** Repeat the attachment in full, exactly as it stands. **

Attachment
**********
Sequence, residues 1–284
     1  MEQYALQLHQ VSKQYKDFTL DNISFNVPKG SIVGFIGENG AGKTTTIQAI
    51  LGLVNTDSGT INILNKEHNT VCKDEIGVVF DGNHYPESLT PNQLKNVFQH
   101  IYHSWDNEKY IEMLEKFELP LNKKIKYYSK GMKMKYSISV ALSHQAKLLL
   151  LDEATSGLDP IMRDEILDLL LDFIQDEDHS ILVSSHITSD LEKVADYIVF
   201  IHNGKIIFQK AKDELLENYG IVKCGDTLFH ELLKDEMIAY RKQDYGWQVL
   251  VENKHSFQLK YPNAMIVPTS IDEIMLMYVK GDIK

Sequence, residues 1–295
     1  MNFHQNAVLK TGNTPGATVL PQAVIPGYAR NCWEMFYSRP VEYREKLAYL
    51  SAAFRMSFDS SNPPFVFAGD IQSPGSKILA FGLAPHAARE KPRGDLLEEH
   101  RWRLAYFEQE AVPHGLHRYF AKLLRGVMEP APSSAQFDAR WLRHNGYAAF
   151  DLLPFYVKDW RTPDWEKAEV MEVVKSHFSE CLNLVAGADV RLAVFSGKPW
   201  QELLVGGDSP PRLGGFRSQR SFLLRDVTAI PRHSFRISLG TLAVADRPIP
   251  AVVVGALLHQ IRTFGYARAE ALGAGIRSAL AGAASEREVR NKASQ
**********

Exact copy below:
Sequence, residues 1–284
     1  MEQYALQLHQ VSKQYKDFTL DNISFNVPKG SIVGFIGENG AGKTTTIQAI
    51  LGLVNTDSGT INILNKEHNT VCKDEIGVVF DGNHYPESLT PNQLKNVFQH
   101  IYHSWDNEKY IEMLEKFELP LNKKIKYYSK GMKMKYSISV ALSHQAKLLL
   151  LDEATSGLDP IMRDEILDLL LDFIQDEDHS ILVSSHITSD LEKVADYIVF
   201  IHNGKIIFQK AKDELLENYG IVKCGDTLFH ELLKDEMIAY RKQDYGWQVL
   251  VENKHSFQLK YPNAMIVPTS IDEIMLMYVK GDIK

Sequence, residues 1–295
     1  MNFHQNAVLK TGNTPGATVL PQAVIPGYAR NCWEMFYSRP VEYREKLAYL
    51  SAAFRMSFDS SNPPFVFAGD IQSPGSKILA FGLAPHAARE KPRGDLLEEH
   101  RWRLAYFEQE AVPHGLHRYF AKLLRGVMEP APSSAQFDAR WLRHNGYAAF
   151  DLLPFYVKDW RTPDWEKAEV MEVVKSHFSE CLNLVAGADV RLAVFSGKPW
   201  QELLVGGDSP PRLGGFRSQR SFLLRDVTAI PRHSFRISLG TLAVADRPIP
   251  AVVVGALLHQ IRTFGYARAE ALGAGIRSAL AGAASEREVR NKASQ